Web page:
The Turing Test gets harder

Used to be I could tell splog bait on sight. Of the thirteen blog comments in moderation a few minutes ago, ten were comments from splog sites specializing in sex, poker or some lawsuit-intensive disease.

Usually they say something like “nice post”, which works for anywhere. Sometimes they say “facebook is the best”, the source presumably being some Facebook-based scam — or so I’m guessing, because I don’t bother to check. Here’s one from somebody’s whose first name is “Join” that says “I love this. Thanks to sharing”. It’s from this site. It looks real enough, but again, I don’t have time to check. Short posts like this usually come from sploggers, so I either kill them as spam or “defer until later”, after which I kill them anyway. It seems cruel, but I’d rather be safe than sorry.

Now here’s one from somebody named Martin with an address. He says “Hello Doc! When we take it to the broader sense, it says obviously right. Though too small, but comprehensive and nice post.” That’s in response to this post here. It’s almost sensible, but … not quite right. The commenter gives this site as its URL. It looks like another digg-like thing. But when I look it up on Google, it doesn’t have much of a profile. When I see how many other pages link to it, only one result comes up. But is it a splog, or a brand new site that just doesn’t have much participation yet? This post suggests the latter. But does that mean it’s still not a scam?

I’m a generous guy, but I’m also busy. I don’t have time to waste trying to figure this crap out.

But I guess that’s the idea, huh?

12 responses to “The Turing Test gets harder”

  1. Hi Doc,
    Hope you’re feeling better.

    Spam is a theft. They wish to steal from us, it started with stealing attention, to try to sell us stuff. Now it’s trying to steal Google Page Rank, and other things, to help enable outright fraud and identity theft to steal our money and possessions. You could also apply war metaphors here as well.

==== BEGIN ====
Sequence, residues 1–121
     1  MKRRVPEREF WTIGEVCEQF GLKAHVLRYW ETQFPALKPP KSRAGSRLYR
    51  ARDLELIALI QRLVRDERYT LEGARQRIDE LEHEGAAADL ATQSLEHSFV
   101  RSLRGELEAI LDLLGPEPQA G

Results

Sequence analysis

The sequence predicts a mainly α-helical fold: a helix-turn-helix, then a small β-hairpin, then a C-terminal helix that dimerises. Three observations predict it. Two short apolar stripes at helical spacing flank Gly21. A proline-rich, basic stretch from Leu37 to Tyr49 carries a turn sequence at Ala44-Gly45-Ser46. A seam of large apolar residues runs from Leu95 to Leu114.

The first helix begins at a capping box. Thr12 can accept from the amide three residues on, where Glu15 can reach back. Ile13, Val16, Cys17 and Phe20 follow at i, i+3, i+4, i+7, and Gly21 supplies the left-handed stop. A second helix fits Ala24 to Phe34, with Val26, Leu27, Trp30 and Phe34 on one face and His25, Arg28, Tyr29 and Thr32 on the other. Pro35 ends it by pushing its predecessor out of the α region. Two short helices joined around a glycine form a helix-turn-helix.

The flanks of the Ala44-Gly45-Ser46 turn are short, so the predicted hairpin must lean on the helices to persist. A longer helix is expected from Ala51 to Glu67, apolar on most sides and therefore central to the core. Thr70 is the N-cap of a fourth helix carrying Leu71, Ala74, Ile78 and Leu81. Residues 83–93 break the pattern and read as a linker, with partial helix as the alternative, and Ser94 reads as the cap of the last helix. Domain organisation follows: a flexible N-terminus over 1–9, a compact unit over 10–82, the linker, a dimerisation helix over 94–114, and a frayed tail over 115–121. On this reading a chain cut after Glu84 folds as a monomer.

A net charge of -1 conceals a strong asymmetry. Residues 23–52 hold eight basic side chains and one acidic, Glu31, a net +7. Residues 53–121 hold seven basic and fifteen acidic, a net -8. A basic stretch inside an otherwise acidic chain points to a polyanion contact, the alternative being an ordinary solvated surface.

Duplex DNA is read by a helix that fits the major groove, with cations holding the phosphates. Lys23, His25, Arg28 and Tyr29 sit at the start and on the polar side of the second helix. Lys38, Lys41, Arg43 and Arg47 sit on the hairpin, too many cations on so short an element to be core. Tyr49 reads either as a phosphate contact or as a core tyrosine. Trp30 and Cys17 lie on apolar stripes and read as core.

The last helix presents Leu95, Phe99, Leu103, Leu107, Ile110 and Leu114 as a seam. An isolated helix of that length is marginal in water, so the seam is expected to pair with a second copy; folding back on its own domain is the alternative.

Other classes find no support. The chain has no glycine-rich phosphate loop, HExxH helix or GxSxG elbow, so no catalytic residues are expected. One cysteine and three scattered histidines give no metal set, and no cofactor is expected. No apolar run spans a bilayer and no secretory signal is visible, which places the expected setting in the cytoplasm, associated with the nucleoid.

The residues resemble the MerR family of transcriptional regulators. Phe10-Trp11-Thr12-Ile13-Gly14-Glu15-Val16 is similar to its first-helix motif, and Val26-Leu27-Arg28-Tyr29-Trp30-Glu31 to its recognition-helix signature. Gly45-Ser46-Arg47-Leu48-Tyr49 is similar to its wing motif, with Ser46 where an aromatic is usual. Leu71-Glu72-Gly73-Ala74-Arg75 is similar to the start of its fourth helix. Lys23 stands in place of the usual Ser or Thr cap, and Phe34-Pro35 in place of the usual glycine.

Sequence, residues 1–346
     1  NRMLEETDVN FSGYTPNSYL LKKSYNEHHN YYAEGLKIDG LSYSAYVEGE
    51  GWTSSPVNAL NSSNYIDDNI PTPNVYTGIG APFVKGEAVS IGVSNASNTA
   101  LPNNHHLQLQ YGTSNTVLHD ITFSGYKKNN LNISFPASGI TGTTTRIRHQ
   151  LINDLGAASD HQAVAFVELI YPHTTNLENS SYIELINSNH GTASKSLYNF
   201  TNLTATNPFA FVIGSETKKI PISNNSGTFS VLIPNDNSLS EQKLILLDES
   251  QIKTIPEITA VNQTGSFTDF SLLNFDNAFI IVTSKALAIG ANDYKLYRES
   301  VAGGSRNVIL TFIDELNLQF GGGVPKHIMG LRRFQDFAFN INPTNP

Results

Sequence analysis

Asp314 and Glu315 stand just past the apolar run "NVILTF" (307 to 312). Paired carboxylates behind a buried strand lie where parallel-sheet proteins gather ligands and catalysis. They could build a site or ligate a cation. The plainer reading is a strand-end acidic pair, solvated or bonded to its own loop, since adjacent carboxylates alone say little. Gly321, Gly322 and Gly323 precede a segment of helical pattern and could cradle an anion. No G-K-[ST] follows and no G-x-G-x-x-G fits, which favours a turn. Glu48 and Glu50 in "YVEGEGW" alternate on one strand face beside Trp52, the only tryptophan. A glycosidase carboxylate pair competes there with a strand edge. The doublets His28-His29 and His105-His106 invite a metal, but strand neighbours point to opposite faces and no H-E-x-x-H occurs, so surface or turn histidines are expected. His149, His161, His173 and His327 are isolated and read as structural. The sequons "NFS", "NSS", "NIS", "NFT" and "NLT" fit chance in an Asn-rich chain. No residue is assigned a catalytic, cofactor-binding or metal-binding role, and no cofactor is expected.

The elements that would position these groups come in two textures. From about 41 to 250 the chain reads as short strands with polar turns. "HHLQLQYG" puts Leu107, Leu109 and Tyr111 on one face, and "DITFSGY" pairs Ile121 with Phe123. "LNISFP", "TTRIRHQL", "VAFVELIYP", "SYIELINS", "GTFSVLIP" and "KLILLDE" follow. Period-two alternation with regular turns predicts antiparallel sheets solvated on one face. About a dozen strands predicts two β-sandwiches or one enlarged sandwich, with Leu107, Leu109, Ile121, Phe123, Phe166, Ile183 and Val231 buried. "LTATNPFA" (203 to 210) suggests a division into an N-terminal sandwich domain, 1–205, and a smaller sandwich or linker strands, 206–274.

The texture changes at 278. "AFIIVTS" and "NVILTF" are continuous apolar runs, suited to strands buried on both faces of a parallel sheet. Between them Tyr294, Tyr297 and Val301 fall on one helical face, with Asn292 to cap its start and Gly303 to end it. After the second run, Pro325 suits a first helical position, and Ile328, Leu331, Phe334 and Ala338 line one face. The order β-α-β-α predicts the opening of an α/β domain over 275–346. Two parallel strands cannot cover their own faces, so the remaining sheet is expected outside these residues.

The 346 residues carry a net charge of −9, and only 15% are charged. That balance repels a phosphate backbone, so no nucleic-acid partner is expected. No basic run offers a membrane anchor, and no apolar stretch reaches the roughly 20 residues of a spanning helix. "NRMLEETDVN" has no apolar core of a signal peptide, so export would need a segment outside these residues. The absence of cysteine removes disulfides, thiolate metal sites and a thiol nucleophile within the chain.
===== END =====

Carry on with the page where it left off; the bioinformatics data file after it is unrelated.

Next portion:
I think that we’re going to end up with a web that has no anonymity allowed as a result of all of this. It’s unfortunate that it’s going to take special efforts to protect whistleblowers in the future, as the options for anonymity disappear.

    We’ve always needed strong identity, but have been living in a grace period as each new technology we deploy gives us a temporary advantage, and a bit of breathing room.

    Another way to view it is in terms of side effects. The reason anyone wants to spam you has little to do with you, it has to do with stealing attention from your audience. It’s the “because” logic, gone horribly wrong.

    If you can eliminate unintended / unwanted side effects, you can greatly reduce the problem. That’s why a lot of sites severely restrict HTML in comments, and disallow images, hyperlinks, etc. It’s all about eliminating unwanted side effects.

    On a tangent: Imagine if you could run a program and strictly choose to allow side effects, (or not). You could run ANYTHING, and it wouldn’t be able to trash your system (unless you let it)… that’s something that I think CAN be done on the Operating System side of things, so there is at least some hope to preserve the security of the nodes at the edge of the internet.

    I don’t want to do it (99% don’t)… but I’m going to have to write an OS which enforces hard limits on side effects… unlike Linux, Mac OS, Windows, etc. It’s going to be hard, slow and long, but there it is. I expect to be done in 10 years.



    The thing is, when splogger comments are indistinguishable from those by sentient beings it doesn’t matter anyway – they’ve passed the turing test and are entitled to join the conversation (until they fail the Turing test).

  3. Ya, it’s crazy. Some are really, really hard to judge.

  4. Crosbie,

    They’re not all harmless. If all the bots were did was game AdSense it would be bad enough, but by passing the Turing Test, some of those comments can carry malware code, or open the path for it.